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From: John De Armond
Subject: Re: Questions About Radiation
Message-ID: <ww5j!>
Date: Tue, 21 Apr 92 08:40:51 GMT (Matthew J. Bernhardt) writes:

>	All of these numbers were arrived at experimentally, except for man.
>Apparently, that range is an estimate, as precise experimental data are not
>available for some strange reason. :-)

Actually the LD50 dose for man is experimentally determined.
The subjects were the japanese under the atomic bomb
detonations, various victims of acute radiation exposure in
weapons research, medical accidents and isotope accidents. While
experiments were obviously not set up in advance, radiation
transport modeling is sufficiently refined that reconstruction
of the events can be done to a great deal of accuracy.  LD50 for
man is generally now considered to be in the 500 REM range.

>	Oh, on another note, I have another table on acute radiation syndromes,
>but unfortunately, it is in units of Roentgens as well.  But let's assume
>a Rem and a Roentgen are approximately equivalent.  In this case, an acute
>dose of 1000 Rem would only kill in 4-7 days, due to gastrointestinal death.
>Doses in the 10000-100000 Rem range would kill within 2 days, due to central
>nervous system death.  Doses exceeding 100000 Rem would bring instant molecular
>	Just though you'd like to know.

This is terribly incorrect information.  Almost immediate incapacitation due to
electrolyte imbalance followed in a short period of time by death
starts in the 2000-5000 REM range.  Above 5,000 REM, dysfunction is
immediate because of disruption of the nervous system due to the ionization
energy deposited.  time to death is measured in minutes.  Dysfunction is
generally  characterized total loss of control of bodily function - messy.

Here is some data from a table in "The Effects of Nuclear Weapons", USGPO
[set tabstop=4 if this is distorted]

	Initial phase (IP)	- Initial effects such as nausea.
	Latent phase  (LP)	- time where outward symptoms are in remission
	Final phase   (FP)	- Recurrance of symptoms.  Consumated when victim
						  either recovers or dies.

          0-100 REM   100-200     200-600    600-1000    1000-5000  >5000
IP onset    -          3-6 hrs  1/2-6 hrs   1/4-1/2       5-30 mins.  immed **
 duration   -          <=1 day  1-2 days    <2 days       <1 day      immed **
 effect     -          1        2           2             3           4

LP onset    -          <=1 day  1-2 days    <2 days       << 1 day    immed **
 duration   -          <=2 wks  1-4 wks     5-10 days     0-7 days    immed **

FP onset    -          10-14 da 1-4 wks     1-4 wks        0-10 days  immed **
 duration   -          4 weeks  1-8 wks     1-4 wks        2-10 days  immed **

Therapy     -          1        2           3              4          5

Prognosis   -          1        2           2              3          3

Death       -          -        2-12 wks    1-6 wks        2-14 day   <1 day

** Initial phase merges into final phase, death usually occuring from a few
   hours to about 2 days.  There may be a very short latent phase in
   some cases.

	  1.   Moderate Leukopenia
	  2.   Severe Leukopenia, purpura, hemmorage, infection, Epilation
		   above 300 REM.
	  3.   Diarrhea, fever, electrolyte disturbance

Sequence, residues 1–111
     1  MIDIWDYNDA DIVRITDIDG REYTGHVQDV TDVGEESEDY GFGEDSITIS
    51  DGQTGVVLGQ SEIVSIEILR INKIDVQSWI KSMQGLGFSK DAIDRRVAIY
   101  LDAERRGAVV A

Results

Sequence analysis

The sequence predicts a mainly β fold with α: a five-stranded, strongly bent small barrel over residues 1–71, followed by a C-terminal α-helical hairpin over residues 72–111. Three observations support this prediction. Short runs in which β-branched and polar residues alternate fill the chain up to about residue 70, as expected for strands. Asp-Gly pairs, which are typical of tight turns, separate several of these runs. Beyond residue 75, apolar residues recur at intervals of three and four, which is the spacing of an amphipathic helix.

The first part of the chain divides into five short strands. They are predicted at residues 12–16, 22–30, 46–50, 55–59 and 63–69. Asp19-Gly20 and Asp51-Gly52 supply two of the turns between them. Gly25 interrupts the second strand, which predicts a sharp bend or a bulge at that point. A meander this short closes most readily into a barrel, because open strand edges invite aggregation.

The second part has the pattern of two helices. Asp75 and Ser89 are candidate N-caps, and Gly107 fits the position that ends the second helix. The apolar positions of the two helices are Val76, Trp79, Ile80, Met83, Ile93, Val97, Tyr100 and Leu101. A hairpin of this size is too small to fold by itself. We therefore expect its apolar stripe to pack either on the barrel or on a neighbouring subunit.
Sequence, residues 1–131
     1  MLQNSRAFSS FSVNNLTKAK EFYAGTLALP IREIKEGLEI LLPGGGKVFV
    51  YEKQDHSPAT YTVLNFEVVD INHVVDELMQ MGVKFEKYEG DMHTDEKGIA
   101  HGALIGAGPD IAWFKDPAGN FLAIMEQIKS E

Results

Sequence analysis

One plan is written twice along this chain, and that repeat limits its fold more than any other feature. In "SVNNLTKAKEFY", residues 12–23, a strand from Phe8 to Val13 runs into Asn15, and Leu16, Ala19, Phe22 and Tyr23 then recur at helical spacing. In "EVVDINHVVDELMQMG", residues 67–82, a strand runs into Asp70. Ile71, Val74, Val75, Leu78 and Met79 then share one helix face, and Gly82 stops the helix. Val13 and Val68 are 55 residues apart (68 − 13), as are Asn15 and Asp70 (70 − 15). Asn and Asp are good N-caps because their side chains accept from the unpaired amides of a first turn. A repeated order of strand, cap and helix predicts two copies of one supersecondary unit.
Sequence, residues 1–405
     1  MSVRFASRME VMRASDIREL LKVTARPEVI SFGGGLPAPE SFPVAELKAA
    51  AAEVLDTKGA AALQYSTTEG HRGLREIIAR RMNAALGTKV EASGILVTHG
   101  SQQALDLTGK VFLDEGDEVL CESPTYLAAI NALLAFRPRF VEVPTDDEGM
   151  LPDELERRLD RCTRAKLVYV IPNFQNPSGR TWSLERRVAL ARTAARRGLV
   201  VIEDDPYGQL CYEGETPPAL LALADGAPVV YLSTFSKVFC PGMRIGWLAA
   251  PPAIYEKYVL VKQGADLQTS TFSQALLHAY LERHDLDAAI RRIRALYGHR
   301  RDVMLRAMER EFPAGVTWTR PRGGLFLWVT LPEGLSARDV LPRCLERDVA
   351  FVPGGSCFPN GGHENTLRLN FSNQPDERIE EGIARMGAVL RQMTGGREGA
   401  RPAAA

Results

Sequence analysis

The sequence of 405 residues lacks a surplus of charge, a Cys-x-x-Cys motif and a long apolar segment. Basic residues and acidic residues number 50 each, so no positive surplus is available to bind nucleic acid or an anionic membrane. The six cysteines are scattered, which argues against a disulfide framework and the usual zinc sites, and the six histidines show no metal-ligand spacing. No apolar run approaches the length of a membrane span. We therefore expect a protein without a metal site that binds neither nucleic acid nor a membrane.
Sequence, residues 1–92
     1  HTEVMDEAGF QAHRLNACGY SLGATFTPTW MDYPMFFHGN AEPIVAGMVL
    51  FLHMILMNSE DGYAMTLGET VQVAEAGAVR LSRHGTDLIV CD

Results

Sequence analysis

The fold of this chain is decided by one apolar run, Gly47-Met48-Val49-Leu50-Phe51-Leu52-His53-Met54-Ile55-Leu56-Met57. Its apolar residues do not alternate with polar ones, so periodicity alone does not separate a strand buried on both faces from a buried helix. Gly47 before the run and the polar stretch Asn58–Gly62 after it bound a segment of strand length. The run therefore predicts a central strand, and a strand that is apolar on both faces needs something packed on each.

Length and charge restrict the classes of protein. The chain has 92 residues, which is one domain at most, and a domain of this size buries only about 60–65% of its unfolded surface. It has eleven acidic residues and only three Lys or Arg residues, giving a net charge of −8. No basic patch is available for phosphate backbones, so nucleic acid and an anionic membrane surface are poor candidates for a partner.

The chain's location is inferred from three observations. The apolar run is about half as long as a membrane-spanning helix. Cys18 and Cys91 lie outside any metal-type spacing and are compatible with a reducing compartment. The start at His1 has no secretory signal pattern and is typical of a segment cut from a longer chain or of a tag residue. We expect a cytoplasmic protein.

4.   Convulsion, tremor, ataxia, lethargy

      1.   Reassurance, hemotologic surveillance
	  2.   Blood transfusion, antibiotics,
	  3.   consider bone marrow transplant.
	  4.   maintenance of  electrolyte levels, victim comfort.
	  5.   Seditation.

      1.   Excellent
	  2.   Guarded
	  3.   Hopeless


It should be noted that in doses >> 1000 REM, a) experience is of
necessity limited and b) effects are variable because source vs
body orientation greatly affects where the dose is absorbed.

At dose rates above about 500 REM/second, physical sensation is felt,
probably due to direct stimulation of neurons by deposited energy.
It feels like numerous pinpricks as my fingertips can attest.

An interesting fact is the effects of the Hiroshima blast have been
so carefully modeled that an anomoly in radiation effects in certain
areas of the city were accounted for with great accuracy by taking
into account the shielding provided by the lifting eye on the end of
the weapon casing.


From: John De Armond
Subject: Re: Questions About Radiation
Message-ID: <>
Date: 23 Apr 92 19:13:58 GMT (Richard Bell) writes:

>If I remember correctly, it was a latin american scrap merchant who dismantled
>a cancer treatment machine loaded with cobalt 60.  The dose was about 1500 rems
>and he exhibited a full recovery.  For this, he earned the nickname "Superman".

>Apparently cancer machines and other useful radioactive tools are a problem
>when they are diposed improperly.

There have been several of these both in the US and foreign.  I went out
with an HP team while at TMI to a nearby steel mill where a slab was  hot
enough with Co-60 to interfer with a gamma thickness gauge.  That was one
bloody mess.

Regarding "superman".  The doses we've been talking about are ACUTE
doses.  The same dose delivered over time  will not have the same
effect.  While the definition of "acute" is fuzzy, I'd consider acute
radiation to be delivered within 24 hours.  BTW, superman was burned
fairly badly and many of his family died.  The Co-60 was still hot
enough that his kids were fascinated by the "glowing sand" (Cerencov (sp)
glow) and rubbed it over their bodies.


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